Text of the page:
Aaron Whallon Wolkind awoke in the early morning hours to the sound of more than a dozen Federal Bureau Investigators (FBI) raiding his home. They meant business. The agents arrived with a show of force in an armored vehicle, wearing riot gear, and carrying a battering ram. They swarmed the Newark, Delaware home of the 37-year-old man calling to him via a loudspeaker that he should come out with his hands up.
The FBI has been working relentlessly to investigate the people involved in the January 6 attempted coup. Wolkind’s attorney, Jonathon Moseley, wrote in a court filing that the raid involved the FBI’s attempts to build a case against the Proud Boys’ president, Zach Rehl. The president of the Philadelphia group was arrested in March on charges that were related to the January 6 attack, according to The Philadelphia Inquirer.
The FBI raid on the home of the vice president of the Philadelphia chapter of the Proud Boys occurred on Friday. They took his computer, phone, and other electronic devices to obtain data about the January 6 attempted coup according to his attorney on Monday.
Wolkind came out and the agents handcuffed him. At that time, they did not arrest him or charge him with any crimes:
‘[Agents] took all of his computer and computer devices and phones, including an old broken phone.’
His girlfriend was also handcuffed but not arrested. Mosely represents both men.
Last March, Rehl was arrested on charges that he “conspired with other leading members of the organization to attack the Capitol.” He has been held in Philadelphia pending his trial.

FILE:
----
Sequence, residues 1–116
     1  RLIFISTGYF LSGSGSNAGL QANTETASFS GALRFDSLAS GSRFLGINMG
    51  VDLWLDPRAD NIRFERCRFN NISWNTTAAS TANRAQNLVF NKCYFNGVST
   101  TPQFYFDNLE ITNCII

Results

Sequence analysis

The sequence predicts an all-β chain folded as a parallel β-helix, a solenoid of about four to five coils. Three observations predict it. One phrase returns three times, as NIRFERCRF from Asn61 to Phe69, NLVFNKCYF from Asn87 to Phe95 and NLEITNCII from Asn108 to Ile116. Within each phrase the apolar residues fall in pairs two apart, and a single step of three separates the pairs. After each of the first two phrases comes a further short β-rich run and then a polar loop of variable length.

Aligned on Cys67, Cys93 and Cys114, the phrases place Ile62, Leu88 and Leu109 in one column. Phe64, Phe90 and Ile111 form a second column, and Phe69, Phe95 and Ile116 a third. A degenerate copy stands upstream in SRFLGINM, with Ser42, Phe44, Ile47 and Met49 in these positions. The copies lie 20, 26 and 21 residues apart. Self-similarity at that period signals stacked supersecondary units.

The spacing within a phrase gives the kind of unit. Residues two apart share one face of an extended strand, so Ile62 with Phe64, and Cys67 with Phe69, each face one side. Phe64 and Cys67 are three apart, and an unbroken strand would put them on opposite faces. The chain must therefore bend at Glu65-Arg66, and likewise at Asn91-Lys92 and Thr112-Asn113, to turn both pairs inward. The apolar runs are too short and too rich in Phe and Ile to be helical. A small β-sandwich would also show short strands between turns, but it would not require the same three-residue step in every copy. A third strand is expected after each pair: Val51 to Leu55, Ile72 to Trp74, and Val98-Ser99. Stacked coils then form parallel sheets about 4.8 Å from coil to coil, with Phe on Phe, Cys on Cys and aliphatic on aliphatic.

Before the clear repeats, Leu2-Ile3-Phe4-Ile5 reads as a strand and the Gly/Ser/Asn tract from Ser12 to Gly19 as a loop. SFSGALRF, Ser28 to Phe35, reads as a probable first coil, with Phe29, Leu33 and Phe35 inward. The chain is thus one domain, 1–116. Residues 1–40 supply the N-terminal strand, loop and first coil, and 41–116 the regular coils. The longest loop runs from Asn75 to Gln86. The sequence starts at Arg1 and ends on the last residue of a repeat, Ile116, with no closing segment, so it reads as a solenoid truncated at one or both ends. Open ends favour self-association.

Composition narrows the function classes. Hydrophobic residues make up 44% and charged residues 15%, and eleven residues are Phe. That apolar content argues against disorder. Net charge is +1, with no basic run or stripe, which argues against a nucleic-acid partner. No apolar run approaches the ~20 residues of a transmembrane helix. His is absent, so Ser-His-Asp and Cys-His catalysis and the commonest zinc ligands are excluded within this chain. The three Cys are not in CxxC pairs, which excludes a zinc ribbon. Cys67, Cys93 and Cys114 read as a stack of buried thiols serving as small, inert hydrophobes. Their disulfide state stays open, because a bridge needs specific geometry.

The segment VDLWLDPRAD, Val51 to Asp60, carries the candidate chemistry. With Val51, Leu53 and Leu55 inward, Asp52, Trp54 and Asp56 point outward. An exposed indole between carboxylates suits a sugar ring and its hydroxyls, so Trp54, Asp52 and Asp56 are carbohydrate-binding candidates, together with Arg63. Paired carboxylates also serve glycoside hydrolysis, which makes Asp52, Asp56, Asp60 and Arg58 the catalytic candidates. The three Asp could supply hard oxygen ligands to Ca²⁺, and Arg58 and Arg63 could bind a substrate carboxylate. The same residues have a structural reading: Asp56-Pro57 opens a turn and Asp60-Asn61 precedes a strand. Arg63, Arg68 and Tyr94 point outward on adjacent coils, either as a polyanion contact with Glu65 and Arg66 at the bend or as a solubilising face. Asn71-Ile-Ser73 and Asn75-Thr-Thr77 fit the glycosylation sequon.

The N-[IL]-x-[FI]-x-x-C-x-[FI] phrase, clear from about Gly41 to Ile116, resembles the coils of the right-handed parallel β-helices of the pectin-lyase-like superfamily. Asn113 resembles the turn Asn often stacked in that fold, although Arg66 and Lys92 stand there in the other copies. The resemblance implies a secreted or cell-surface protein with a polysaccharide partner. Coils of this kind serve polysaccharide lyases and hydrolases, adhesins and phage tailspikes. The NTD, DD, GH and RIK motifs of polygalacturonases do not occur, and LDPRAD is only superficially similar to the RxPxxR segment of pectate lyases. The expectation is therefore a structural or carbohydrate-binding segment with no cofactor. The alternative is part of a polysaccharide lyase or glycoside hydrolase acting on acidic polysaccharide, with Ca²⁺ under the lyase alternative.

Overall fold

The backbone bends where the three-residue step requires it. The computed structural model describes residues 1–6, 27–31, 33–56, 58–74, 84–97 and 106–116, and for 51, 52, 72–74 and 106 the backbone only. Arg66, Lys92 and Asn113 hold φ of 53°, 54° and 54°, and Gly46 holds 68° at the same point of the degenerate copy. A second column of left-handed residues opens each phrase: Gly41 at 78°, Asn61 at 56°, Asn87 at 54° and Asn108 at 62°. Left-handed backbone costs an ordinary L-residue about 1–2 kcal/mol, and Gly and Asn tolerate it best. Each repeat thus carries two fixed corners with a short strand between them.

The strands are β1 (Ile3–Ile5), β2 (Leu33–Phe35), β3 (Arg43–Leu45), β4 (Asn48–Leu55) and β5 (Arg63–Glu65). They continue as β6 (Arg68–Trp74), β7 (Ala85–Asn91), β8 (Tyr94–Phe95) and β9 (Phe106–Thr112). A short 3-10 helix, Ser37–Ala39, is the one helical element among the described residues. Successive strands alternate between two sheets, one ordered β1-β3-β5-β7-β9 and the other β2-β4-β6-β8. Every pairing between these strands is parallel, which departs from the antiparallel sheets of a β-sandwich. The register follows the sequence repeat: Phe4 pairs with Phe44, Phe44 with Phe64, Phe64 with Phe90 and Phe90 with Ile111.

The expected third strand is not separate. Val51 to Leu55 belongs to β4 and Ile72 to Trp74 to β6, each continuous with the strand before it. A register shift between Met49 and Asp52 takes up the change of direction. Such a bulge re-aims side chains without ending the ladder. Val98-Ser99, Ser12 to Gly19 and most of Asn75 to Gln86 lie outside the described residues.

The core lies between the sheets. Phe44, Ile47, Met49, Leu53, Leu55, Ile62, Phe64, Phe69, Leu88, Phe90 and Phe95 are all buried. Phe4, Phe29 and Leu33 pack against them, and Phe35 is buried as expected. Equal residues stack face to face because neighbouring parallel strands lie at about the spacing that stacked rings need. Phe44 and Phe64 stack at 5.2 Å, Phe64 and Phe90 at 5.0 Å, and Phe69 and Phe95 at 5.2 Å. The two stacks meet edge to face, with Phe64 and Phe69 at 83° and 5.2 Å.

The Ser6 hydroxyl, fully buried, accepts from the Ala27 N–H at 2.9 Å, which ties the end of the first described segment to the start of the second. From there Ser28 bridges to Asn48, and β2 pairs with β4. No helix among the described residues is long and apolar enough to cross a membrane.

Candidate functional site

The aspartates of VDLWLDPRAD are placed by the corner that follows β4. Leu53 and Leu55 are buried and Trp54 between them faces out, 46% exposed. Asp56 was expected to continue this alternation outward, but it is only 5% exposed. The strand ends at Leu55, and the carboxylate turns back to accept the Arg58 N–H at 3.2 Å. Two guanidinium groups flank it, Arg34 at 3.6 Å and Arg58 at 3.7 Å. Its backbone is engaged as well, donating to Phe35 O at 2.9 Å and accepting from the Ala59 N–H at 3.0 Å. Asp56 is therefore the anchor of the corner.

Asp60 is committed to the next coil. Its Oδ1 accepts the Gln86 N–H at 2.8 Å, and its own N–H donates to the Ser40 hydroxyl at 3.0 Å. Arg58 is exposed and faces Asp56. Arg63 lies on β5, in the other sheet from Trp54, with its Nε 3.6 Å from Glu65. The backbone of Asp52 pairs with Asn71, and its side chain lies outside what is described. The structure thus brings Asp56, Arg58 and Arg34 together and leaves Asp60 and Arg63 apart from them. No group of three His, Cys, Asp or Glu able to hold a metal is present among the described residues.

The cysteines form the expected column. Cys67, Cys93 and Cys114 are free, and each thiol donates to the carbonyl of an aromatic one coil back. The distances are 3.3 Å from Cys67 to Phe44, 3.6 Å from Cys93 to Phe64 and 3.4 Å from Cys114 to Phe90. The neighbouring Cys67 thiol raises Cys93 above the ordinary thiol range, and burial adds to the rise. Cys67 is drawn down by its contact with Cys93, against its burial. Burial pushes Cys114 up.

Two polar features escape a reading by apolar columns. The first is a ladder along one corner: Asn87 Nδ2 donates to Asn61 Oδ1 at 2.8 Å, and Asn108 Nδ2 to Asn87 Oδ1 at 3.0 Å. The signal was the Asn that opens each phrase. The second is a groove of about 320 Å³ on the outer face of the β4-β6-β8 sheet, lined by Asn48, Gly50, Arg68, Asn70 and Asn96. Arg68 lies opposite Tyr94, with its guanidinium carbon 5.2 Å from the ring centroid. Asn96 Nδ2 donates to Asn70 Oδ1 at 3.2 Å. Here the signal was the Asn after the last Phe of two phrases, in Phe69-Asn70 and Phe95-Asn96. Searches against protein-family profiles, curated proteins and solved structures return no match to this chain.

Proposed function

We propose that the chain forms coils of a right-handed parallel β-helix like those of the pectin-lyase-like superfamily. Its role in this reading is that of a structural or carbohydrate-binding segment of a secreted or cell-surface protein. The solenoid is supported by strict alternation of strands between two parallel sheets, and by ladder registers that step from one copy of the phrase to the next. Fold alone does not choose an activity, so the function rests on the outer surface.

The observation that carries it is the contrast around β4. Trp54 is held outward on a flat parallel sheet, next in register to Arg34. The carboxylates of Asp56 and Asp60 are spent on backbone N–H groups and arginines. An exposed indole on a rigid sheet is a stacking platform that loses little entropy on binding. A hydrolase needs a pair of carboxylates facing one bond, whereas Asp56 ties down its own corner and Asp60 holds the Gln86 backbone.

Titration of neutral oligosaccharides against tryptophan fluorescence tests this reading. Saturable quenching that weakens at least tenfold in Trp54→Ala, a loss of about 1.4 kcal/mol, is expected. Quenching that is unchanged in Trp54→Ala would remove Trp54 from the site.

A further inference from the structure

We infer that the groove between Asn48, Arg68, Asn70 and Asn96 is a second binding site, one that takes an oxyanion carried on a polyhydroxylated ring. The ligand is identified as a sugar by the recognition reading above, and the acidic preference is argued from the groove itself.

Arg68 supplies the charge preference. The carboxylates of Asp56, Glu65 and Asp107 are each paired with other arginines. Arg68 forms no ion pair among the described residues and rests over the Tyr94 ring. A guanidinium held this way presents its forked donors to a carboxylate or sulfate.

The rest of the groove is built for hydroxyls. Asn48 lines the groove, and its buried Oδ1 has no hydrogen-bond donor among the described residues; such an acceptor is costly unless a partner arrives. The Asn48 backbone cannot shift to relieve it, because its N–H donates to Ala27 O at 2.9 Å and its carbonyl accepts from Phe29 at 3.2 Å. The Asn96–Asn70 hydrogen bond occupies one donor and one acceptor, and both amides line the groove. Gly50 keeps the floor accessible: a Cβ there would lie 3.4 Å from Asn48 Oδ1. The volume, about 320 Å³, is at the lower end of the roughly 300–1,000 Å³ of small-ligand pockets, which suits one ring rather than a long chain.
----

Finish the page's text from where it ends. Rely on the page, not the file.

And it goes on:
The attorney filed a motion for bail for Rehl and argued that the raid was just another exercise that showed our government lacked sufficient evidence against Rehl to keep him jailed and denied bail.
The search warrant was written to allow the agents to seize records and information related to people:
‘[who] collaborated, conspired, or assisted [or] communicated about matters. [Including the] legitimacy of the 2020 presidential election. [They could] collect clothing items [related to the Proud Boys].’
The offenses shown on the warrant were identical to Rehl’s criminal charges. The attorney claimed that the raid on Wolkind, who is also Rehl’s good friend, indicated there was not enough evidence to actually hold Rehl. He said:
‘The goal was to find evidence they don’t have on Rehl.’
Federal prosecutors have claimed that Rehl was integral to the Proud Boy’s part in the insurrection. Joseph Biggs is another member of the Proud Boys from Florida. Ethan Nordean heralds from Washington state. He is considered the organization’s “de facto leader.”
Agents searched Wolkind’s home and “interrogated” him inside.
‘[Wolkind] refused to say anything without the advice of an attorney.’
Although agents removed all of his electronic devices, he was released. Referring to Wolkind, Moseley said:
‘I think he’s gone camping to let things calm down for a few days.’
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